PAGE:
Down­town host­ing wa­ter­man’s boat drop on New Year’s Eve

Dorchester Star - - FRONT PAGE -

CAM­BRIDGE — New York City may its ball drop but for the first time ever, Cam­bridge has its own New Year’s Eve drop — fea­tur­ing a work­boat.

The New Year’s Eve Boat Drop will fea­ture a replica of a trot-lin­ing dead­rise — a tra­di­tional wa­ter­man’s work­boat — launched down 60 feet of track at mid­night on Dec. 31 in the 500-block of Po­plar Street. The street will be closed from 10 p.m. to 1 a.m. for the cel­e­bra­tion in Cam­bridge. Most of the down­town restau­rants will be open late for the cel­e­bra­tion.

The boat is about 4-feet long and will be trav­el­ing at about 14 miles an hour when it hits bot­tom. As the boat is com­ing down, it will knock crabs off the line, which will be the “trot-lin­ing” as­pect. There is also a con­test to name the boat.

“We wanted some­thing dif­fer­ent and rel­e­vant for the East­ern Shore, and in par­tic­u­lar Dorch­ester County, and this is what we came up with,” said Brian Roche, chief tech­nol­ogy of­fi­cer at Bay Coun­try

Com­mu­ni­ca­tions, who brain­stormed the boat drop idea with Rob Kramer, a welder in Hur­lock, and Scott Shilling, owner of Bay Coun­try Com­mu­ni­ca­tions.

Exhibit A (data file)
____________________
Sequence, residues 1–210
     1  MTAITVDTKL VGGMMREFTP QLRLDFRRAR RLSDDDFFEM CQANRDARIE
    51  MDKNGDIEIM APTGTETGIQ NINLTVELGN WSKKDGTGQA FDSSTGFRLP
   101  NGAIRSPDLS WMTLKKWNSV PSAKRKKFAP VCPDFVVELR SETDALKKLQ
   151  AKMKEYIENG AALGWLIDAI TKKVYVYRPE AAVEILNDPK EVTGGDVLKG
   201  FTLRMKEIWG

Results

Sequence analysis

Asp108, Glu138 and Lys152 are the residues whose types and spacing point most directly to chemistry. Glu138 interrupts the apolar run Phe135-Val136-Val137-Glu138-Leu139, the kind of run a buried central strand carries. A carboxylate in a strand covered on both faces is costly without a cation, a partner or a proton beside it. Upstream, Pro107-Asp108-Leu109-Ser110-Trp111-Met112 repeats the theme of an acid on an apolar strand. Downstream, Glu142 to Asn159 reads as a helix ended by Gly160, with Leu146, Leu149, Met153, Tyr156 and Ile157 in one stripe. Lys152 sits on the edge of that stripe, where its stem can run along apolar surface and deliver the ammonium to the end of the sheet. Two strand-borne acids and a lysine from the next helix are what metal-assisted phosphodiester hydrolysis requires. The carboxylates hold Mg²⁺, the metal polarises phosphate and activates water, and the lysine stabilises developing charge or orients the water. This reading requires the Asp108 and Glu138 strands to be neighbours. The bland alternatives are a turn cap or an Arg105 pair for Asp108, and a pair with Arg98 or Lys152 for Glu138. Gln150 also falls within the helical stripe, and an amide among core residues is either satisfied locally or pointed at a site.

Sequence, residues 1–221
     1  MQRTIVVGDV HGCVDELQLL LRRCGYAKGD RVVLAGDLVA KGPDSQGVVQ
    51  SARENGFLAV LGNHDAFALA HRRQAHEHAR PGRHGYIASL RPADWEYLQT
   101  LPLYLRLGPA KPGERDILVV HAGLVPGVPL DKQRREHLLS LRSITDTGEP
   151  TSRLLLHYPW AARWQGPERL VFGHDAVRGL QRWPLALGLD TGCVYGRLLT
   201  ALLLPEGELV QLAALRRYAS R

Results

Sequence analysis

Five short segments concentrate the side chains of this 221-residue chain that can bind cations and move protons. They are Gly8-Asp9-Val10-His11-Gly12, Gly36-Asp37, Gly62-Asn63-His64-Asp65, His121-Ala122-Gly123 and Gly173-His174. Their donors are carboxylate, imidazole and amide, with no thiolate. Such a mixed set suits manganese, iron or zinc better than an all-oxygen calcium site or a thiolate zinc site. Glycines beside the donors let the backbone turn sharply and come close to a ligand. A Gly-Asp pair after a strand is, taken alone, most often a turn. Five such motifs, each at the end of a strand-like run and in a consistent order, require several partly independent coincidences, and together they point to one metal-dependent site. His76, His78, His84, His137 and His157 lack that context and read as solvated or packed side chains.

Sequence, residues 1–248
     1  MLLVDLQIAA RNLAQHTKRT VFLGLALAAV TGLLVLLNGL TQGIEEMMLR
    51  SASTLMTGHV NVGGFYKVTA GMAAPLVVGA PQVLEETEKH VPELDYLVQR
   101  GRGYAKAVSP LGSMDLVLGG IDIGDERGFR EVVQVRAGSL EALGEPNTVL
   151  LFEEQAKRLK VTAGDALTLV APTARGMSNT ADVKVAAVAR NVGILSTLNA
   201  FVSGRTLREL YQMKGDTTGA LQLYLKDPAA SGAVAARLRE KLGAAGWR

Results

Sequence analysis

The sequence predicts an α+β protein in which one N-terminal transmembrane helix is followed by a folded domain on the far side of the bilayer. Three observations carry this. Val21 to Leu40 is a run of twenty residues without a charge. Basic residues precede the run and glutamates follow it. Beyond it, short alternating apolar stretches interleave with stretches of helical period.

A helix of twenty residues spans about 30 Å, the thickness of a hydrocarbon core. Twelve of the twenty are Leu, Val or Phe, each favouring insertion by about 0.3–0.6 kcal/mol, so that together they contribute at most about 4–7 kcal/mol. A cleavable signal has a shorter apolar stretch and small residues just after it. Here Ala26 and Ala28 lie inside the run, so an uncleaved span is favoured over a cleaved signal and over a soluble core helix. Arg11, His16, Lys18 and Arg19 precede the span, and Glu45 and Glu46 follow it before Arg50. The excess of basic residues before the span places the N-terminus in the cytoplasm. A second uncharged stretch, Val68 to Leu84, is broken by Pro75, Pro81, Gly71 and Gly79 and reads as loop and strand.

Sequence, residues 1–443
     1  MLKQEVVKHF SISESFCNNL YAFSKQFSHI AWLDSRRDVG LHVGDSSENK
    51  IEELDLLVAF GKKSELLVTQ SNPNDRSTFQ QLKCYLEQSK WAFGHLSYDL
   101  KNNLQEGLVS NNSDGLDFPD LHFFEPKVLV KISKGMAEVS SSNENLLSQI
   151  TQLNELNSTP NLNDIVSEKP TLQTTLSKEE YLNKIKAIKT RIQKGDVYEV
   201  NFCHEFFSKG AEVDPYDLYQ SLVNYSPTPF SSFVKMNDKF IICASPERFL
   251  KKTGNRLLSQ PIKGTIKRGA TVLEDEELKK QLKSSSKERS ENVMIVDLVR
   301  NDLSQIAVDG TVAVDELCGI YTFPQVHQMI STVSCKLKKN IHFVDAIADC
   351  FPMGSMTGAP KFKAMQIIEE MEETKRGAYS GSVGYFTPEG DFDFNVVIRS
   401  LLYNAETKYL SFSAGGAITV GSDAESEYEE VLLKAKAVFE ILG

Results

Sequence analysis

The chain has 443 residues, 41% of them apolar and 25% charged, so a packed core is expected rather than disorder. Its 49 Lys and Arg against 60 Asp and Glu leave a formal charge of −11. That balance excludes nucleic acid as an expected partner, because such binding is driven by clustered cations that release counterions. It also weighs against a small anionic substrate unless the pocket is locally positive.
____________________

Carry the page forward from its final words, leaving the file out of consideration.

Roche said the idea is not only to en­cour­age peo­ple to come to down­town Cam­bridge and pa­tron­ize the lo­cal busi­nesses on New Year’s Eve, but also to bring the com­mu­nity to­gether to cel­e­brate.

Peo­ple are wel­come to watch as the 60 feet of track is con­structed right in front of the stu­dios of WHCP Ra­dio, which will be broad­cast­ing the event live. The 500-block of Po­plar is be­tween Gay and High Streets, near the Crab Bas­ket Christ­mas Tree, an­other dis­tinc­tively Dorch­ester hol­i­day project that has quickly be­come a lo­cal tra­di­tion in its three years.

Bay Coun­try Com­mu­ni­ca­tions is spon­sor­ing ev­ery­thing, and its tech­ni­cians painted the track, prac­ticed as­sem­bling and tested the drop in their ware­house. They’ll also be set­ting ev­ery­thing up on New Year’s Eve.

Rob Kramer Weld­ing in Hur­lock en­gi­neered and built the replica boat and the track. B&B Auto Body painted the boat. Kevin Hill of Hill Kim­mel Con­struc­tion is lend­ing his con­struc­tion lift to raise the boat into the air. Var­i­ous oth­ers — WHCP Ra­dio, Cam­bridge Main Street, Dorch­ester Tourism, down­town busi­nesses, the City of Cam­bridge and the Cam­bridge Po­lice De­part­ment — are all help­ing with logistics and promotion.

There’s also a boat-nam­ing con­test. Sub­mit ideas for the boat’s name to nye­boat­drop@ cam­bridge­main­ by mid­night on Dec. 30.

“It’s a big deal to name a boat,” Roche said. “Par­tic­u­larly here on the East­ern Shore, where your boat might be your liveli­hood.”

The win­ner, to be an­nounced around 11:30 p.m., will get $100 in Cam­bridge Main Street bucks to spend at par­tic­i­pat­ing down­town mer­chants. Win­ner must be present to win.


The New Year’s Eve Boat Drop will fea­ture a replica of a trotlin­ing dead­rise.

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